The Second Congregational Church presents a Queen Anne version of Gothic Revival, a style that was so popular for late-nineteenth-century churches in Vermont. The prominent site, fourth in a row of public buildings on Main Street and just west of the Page House (LA6), was acquired with Page family assistance earlier in the nineteenth century, though the building was not commissioned until 1898. Except for its pointed, rather than round, arches, it is close in character to the Congregational Church built on nearby Morris ville's Main Street two years earlier. Ten years after its completion, Hyde Park's church was lost in the great Hyde Park fire, though most of its furnishings and stained glass were saved. In 1912 it was rebuilt to the same design.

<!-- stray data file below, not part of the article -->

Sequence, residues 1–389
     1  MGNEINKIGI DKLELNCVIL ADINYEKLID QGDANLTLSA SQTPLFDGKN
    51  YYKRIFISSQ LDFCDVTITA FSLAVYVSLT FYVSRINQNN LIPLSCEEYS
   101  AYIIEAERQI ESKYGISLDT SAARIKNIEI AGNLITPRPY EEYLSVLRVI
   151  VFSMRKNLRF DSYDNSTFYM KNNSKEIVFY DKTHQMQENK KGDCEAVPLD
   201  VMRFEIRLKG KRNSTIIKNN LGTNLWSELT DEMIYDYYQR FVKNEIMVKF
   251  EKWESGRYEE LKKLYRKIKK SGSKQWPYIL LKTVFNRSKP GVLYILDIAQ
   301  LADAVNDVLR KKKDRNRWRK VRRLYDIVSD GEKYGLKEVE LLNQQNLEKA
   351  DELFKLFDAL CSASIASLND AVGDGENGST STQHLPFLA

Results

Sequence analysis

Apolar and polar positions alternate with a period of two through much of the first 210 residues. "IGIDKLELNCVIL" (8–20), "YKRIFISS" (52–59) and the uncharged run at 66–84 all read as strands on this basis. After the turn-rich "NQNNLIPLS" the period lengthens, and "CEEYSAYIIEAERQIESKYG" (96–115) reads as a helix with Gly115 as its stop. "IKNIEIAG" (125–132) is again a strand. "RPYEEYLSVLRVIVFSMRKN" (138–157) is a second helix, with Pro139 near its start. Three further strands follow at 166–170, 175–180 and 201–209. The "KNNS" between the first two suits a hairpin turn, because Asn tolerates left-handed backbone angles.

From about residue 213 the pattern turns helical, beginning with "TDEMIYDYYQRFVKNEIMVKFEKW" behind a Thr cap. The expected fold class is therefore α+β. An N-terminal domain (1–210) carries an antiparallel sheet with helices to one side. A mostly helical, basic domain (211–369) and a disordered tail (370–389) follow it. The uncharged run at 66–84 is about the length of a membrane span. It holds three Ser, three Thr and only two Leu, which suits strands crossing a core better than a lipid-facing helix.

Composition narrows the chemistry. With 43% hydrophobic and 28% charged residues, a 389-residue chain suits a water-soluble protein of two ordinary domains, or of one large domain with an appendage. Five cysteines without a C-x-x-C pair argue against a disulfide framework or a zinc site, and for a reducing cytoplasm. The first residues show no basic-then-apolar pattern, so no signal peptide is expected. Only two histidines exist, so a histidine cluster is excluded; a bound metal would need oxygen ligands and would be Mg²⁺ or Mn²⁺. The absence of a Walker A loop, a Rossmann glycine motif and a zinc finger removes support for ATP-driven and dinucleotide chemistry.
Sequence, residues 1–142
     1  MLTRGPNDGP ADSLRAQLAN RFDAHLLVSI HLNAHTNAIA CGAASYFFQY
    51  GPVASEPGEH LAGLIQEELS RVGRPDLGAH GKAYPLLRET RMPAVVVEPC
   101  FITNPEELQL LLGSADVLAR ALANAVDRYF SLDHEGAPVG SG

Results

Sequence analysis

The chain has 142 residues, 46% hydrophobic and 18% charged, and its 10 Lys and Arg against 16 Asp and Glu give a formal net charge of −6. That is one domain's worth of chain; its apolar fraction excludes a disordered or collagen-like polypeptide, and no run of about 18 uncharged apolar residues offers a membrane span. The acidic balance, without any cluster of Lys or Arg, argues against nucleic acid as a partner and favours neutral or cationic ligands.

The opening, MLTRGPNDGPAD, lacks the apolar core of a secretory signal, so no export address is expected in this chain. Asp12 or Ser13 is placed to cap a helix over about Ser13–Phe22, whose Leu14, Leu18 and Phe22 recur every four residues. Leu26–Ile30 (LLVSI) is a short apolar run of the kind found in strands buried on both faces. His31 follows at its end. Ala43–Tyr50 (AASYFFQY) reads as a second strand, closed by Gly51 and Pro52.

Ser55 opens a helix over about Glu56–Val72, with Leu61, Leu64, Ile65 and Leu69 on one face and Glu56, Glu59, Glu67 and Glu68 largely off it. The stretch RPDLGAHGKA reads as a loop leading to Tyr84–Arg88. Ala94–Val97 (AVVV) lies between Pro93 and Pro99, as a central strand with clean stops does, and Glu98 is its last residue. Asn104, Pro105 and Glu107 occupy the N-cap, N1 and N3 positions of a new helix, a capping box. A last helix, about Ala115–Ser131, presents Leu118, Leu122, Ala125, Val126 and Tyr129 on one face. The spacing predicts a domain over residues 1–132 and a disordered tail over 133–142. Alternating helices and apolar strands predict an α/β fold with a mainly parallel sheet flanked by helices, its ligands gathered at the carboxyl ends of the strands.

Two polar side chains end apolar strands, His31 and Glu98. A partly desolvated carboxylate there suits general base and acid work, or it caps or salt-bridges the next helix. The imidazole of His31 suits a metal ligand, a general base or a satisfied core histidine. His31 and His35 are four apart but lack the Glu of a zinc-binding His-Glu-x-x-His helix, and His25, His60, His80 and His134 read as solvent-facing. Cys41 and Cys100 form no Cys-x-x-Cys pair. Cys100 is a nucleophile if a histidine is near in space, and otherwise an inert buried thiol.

The wood-framed building is L-shaped in plan with its reentrant corner filled by a square, three-story entrance tower. From the Gothic it draws its steep roof, large and small pointed-arched windows with drip moldings, and buttressed and turreted tower. The coordination and texturing of these elements, however, reveal Queen Anne and Shingle Style tastes. Wall surfaces are a richly textured play of diagonal paneling, clapboards, clipped shingles, and matchboarding carefully layered to express base, wall, and gable, and lock the windows and tower into a coordinated whole.